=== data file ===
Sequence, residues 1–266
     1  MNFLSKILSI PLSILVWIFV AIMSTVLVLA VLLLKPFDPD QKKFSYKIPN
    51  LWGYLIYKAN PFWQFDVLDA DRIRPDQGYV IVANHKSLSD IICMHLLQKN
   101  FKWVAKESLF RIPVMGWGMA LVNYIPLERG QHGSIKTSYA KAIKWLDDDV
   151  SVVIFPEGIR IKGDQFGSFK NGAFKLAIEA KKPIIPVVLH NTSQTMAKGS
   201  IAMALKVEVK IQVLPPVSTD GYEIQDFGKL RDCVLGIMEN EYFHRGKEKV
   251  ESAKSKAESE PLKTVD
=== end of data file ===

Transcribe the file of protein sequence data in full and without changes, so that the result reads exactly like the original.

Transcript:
Sequence, residues 1–266
     1  MNFLSKILSI PLSILVWIFV AIMSTVLVLA VLLLKPFDPD QKKFSYKIPN
    51  LWGYLIYKAN PFWQFDVLDA DRIRPDQGYV IVANHKSLSD IICMHLLQKN
   101  FKWVAKESLF RIPVMGWGMA LVNYIPLERG QHGSIKTSYA KAIKWLDDDV
   151  SVVIFPEGIR IKGDQFGSFK NGAFKLAIEA KKPIIPVVLH NTSQTMAKGS
   201  IAMALKVEVK IQVLPPVSTD GYEIQDFGKL RDCVLGIMEN EYFHRGKEKV
   251  ESAKSKAESE PLKTVD